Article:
The dirt and moisture come from the machine itself and from the environment. As the bearings and gears wear, microscopic debris is created. There is moisture in the air as humidity. Using the correct lube helps minimise the resulting damage. Proper maintenance and cleaning are probably more important to minimizing wear than using any specific lubricant.
 

mickri

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#15
Thank you Mksj for your detailed explanation. Looked in the owners manuals for my craftsman 12x36 lathe and QCGB. Calls for SAE 20 machine oil for lubrication and makes no reference to way oil. Cross referenced SAE 20 machine oil and found that the SAE 20 range includes AW 46 and AW 68 hydraulic oil as the modern equivalent. I can find AW 46 all over the place for under $15 per gallon and in one gallon jugs. The smallest size for AW 68 is 2 gallon jugs and larger with prices starting in the mid $30 range. My lathe gets light home use. Less than 10 hours per week and some weeks it doesn't get used at all. I am going to try the AW 46.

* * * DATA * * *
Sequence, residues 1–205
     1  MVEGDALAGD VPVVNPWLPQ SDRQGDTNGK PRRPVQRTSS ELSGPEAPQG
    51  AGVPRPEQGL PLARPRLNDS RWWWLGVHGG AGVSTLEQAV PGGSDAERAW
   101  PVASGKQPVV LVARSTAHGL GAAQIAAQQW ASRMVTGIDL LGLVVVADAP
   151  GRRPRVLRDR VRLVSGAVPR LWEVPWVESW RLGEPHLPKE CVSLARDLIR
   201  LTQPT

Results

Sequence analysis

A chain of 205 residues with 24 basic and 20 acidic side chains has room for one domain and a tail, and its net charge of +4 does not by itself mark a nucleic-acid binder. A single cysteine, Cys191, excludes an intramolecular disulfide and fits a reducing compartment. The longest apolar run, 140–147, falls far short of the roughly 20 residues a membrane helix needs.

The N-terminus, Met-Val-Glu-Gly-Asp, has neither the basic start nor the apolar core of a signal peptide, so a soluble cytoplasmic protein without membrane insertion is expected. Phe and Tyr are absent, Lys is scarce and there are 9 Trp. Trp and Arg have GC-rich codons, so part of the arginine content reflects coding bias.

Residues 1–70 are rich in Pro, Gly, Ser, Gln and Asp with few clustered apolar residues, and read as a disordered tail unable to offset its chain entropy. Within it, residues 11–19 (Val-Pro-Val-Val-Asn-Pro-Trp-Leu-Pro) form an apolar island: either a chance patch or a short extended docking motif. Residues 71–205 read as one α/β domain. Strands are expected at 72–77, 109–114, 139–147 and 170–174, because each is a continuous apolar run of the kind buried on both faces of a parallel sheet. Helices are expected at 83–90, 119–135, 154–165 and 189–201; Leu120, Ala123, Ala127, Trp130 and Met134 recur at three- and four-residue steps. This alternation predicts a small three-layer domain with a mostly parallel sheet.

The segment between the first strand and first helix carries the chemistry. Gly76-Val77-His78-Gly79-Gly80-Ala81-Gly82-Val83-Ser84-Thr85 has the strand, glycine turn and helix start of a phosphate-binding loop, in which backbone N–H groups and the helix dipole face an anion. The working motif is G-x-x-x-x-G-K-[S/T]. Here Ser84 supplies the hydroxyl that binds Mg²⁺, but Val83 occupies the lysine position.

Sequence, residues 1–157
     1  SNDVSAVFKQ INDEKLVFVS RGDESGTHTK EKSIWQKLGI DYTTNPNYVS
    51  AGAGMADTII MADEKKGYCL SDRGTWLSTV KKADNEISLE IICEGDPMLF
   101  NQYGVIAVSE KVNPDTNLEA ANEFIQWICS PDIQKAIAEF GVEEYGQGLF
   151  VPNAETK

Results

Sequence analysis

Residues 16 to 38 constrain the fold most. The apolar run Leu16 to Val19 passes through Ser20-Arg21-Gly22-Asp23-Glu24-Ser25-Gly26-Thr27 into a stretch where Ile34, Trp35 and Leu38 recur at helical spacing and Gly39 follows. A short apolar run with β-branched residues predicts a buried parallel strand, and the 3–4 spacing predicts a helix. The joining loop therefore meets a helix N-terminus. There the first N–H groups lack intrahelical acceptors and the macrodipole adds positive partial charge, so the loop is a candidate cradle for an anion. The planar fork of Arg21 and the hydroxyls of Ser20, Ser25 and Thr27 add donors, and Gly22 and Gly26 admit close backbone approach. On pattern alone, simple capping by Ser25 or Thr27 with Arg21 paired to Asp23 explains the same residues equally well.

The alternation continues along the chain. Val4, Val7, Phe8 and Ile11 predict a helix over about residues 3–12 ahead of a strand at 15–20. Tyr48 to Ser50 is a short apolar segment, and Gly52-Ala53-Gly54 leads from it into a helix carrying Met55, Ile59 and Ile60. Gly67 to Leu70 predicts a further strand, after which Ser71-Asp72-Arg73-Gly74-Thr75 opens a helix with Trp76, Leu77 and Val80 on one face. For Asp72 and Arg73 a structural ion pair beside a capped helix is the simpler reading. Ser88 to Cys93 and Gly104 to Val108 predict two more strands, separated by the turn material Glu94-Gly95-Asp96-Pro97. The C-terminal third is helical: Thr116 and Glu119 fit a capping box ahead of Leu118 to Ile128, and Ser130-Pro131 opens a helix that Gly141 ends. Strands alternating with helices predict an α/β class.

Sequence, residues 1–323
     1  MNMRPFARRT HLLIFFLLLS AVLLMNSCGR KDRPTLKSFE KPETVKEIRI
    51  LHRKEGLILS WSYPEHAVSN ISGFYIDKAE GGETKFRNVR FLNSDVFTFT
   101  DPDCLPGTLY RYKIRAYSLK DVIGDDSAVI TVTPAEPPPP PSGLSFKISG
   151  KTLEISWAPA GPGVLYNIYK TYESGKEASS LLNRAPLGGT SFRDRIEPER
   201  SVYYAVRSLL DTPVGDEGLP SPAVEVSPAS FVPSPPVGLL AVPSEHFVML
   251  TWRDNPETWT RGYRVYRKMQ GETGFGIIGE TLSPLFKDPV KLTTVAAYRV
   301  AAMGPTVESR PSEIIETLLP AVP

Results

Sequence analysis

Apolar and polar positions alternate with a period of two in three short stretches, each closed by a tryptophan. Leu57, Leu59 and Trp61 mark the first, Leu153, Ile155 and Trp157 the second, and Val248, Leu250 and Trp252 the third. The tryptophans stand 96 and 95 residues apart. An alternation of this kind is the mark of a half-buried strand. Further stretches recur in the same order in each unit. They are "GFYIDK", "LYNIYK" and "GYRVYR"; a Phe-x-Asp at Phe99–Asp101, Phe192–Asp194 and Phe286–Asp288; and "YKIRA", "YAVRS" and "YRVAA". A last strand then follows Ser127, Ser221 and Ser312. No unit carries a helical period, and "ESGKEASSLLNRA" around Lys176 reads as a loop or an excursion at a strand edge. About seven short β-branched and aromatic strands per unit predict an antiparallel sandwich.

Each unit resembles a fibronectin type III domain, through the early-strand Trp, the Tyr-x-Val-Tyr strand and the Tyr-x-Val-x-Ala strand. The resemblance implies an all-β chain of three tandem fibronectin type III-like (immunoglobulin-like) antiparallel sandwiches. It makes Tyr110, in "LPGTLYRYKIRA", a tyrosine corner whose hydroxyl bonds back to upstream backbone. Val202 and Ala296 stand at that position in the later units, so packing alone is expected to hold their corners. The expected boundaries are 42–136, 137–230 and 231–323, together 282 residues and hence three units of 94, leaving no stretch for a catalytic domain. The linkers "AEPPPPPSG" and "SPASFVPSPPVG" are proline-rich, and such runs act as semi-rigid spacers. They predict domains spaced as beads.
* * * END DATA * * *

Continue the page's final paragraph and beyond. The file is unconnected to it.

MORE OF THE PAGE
Thanks to everyone for your comments.
 

Bob Korves

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#16
Without a filter for circulating oil. do not use detergent oil in gear boxes. With simple closed bath oil systems, let the metal and dirt settle to the bottom of the reservoir, rather than circulate through the gears and bearings. Oil filter, detergent oil. No filter, non detergent oil.
 
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JimDawson

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#17
One other thing, I put a large strong magnet in the bottom of my lathe gearbox. Hopefully will catch most of the bits of suspended iron in the oil.
 

mickri

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#18
My Craftsman 12x36 lathe is belt driven. No gear box. Just a lot of points to lubricate whenever I use the lathe. I picked up a gallon of AW 46 today at my local auto parts store. $16. I probably have a lifetime supply. Thanks again to everyone for their comments.
 

kev74

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#19